A few months ago, a parent let me know their child overheard her and her husband having a disagreement, and confidently suggested they both use an “I message” to resolve their conflict. Her child had only been attending her new Montessori classroom for a short time and the mom was surprised to hear her four year old make such an empowering suggestion. The parent later asked me, “What is an I message and how is conflict resolved in my child’s classroom?”
With equal and often greater importance to any academic subject in a Montessori classroom of 3-6 year olds, are the Grace and Courtesy lessons on how we help children resolve conflicts.
How is this introduced? While gathered with the children daily, the guide will first approach the topic of emotions and social learning by reading stories and singing songs about all kinds of feelings. These stories and songs not only help the child develop a richer vocabulary around emotions, but also help build empathy and respect for oneself and those around them, and to introduce how we are all more alike, than different.
One of the most important books introduced is The Peace Rose, which was written especially for the 3-6 Montessori classroom. This book introduces conflicts young children commonly encounter with their peers and shows how to use what is called an “ I message” when having a conflict. No matter how many times this book is read, the children are so engaged, you can hear a pin drop. How to get along with others is the work of childhood as they so very much want to know how to be better understood and connect.
After the children are read this book, the guide will elicit from the children different conflicts they have encountered. Based on their input, the guide will “make up” conflict scenarios. The guides will start by first showing how to role play a conflict and use an “I message” while another guide will model reflective listening. The children will then take turns role playing different conflicts and are provided with scripted ways of being understood more clearly. As one example, we may pretend one child suddenly takes a ball from someone else. Instead of a child shouting, “You’re mean” or “You’re not my friend anymore”, the guide will prompt the child to say, “I felt mad when you took the ball from me, please ask”. In response, instead of insisting a child apologize, we introduce reflective listening, which may be something like,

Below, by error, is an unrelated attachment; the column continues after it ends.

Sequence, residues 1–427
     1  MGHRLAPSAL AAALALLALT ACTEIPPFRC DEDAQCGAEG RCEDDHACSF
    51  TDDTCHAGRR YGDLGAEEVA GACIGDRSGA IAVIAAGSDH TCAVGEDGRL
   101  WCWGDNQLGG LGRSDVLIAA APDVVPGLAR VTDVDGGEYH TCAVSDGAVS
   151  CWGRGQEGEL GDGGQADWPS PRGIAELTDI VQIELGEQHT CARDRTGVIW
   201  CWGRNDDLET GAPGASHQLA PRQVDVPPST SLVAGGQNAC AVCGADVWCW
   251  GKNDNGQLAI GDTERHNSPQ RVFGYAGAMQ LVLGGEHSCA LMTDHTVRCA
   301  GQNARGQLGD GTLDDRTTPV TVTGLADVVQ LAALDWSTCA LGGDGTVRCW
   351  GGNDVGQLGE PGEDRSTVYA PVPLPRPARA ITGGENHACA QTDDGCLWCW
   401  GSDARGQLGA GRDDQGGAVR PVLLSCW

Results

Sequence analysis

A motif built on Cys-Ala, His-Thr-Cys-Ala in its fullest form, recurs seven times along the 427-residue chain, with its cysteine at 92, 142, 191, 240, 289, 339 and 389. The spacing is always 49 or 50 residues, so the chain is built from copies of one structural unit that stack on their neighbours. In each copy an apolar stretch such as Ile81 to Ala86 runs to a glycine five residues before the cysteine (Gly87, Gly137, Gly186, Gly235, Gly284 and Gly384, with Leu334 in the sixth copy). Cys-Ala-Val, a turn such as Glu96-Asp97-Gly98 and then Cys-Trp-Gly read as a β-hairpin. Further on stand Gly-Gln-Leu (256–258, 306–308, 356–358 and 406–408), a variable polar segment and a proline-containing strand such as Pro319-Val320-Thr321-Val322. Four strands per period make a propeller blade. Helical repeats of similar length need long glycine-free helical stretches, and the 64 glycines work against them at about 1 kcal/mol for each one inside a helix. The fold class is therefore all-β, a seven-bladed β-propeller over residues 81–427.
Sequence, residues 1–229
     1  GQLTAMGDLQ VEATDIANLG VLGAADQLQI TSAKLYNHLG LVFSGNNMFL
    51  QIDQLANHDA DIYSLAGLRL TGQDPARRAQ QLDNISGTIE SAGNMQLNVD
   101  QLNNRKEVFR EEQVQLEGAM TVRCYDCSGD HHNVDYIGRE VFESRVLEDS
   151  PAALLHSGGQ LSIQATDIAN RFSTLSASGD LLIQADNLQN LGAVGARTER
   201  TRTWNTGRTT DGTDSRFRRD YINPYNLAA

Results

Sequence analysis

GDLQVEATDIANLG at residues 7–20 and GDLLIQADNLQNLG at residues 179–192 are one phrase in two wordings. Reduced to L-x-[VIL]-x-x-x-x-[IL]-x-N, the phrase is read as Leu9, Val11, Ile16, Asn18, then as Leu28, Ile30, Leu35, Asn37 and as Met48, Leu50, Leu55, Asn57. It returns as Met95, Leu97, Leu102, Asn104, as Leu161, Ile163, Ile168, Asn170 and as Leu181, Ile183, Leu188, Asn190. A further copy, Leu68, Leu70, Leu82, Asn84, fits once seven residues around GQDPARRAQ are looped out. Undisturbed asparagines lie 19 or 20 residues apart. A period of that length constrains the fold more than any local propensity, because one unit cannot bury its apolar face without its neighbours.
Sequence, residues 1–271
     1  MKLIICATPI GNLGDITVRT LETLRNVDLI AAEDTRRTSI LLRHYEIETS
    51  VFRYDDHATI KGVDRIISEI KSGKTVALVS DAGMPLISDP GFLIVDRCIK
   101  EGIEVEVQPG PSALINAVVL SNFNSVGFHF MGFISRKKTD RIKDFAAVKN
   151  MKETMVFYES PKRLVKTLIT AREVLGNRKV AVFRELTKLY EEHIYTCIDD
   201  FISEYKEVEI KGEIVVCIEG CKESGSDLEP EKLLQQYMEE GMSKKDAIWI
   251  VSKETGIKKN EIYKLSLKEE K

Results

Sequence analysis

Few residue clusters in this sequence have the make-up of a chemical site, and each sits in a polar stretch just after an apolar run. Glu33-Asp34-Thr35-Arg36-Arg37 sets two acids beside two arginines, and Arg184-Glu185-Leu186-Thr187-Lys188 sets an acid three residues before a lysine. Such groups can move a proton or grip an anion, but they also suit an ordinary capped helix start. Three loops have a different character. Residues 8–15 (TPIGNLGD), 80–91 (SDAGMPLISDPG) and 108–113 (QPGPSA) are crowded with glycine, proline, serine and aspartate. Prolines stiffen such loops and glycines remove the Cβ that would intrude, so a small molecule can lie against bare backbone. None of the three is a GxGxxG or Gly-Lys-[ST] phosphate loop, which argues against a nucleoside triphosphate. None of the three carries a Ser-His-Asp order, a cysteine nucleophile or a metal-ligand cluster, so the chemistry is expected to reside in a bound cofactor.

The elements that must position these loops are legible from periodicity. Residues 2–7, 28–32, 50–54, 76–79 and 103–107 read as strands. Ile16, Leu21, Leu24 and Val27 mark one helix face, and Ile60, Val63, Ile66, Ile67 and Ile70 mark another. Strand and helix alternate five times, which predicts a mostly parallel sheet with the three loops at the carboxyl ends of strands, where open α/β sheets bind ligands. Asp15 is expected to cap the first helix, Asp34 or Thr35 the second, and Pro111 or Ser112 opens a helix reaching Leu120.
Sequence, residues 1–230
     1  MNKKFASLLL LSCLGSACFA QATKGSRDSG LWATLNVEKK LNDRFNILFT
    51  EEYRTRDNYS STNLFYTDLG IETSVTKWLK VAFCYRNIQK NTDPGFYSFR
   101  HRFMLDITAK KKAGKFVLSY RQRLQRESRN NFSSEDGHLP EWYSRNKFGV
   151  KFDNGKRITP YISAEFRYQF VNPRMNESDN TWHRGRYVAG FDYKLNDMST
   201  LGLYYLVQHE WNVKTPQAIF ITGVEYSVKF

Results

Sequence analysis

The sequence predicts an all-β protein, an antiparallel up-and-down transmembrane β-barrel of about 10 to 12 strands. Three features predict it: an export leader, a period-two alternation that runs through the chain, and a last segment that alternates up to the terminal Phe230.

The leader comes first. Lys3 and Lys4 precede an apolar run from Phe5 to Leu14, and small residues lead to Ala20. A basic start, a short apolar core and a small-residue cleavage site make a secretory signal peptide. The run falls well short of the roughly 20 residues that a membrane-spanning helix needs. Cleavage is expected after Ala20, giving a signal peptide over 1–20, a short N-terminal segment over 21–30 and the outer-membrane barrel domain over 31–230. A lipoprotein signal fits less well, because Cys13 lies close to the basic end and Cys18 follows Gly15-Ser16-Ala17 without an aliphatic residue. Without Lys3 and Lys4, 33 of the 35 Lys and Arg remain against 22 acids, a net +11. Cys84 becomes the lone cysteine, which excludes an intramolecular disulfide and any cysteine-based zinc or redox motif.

“I hear you felt mad I took the ball.” “I ‘ll ask next time.” “Can I play with you?” And so on.
Something about an “I message” appeals to a child’s better self. So even when some conflicts are more complex than the previous example, an “I message” is a tool for teaching children how to express feelings effectively and accurately and is structured speech they can utilize even when feelings are very strong or there is grey area. Role modeling the ability to connect feelings with behavior is incredibly empowering. It is also a tool for the adult to encourage and show trust for a child’s ability to find solutions to problems. Learning how to use an “I message” allows a child a safe place to make lots of social mistakes necessary to become more skilled with their social selves, rather than to have an adult step in and do this important work for them. A major change we will see in a Montessori classroom is how much less children will tattle-tell on each other. Instead, we will hear children using “I messages” and being able to resolve on their own more often, which is one of the ways we support a child’s independence and sense of self.
Pictured is the special shelf displaying the peace rose and The Peace Rose book available to any child. Primary classrooms have a special place children can visit when they are feeling mad, sad, or have a disagreement with a peer. There are materials about emotions and beautiful and comforting items a child can hold to help calm oneself down. It is not uncommon to hear one child suggest another child use an”I message” or to hand them the peace rose, which serves as a way of anchoring emotions. The rose is held by the child giving the “I message” and passed to the other child when it is her turn to speak. Holding the rose provides a concrete way to take turns speaking and listening and can have a calming effect.
The peace shelf is also a “living space”, as a child can add items, poems, or symbols to share with others and express their genuine love and care, which in the young child, is profound.
Written by Amy Nishikita of the Willow class; she has been the head guide since 2010 and has been teaching since 1995. Amy works in our primary program with students aged 3 to 6 years old.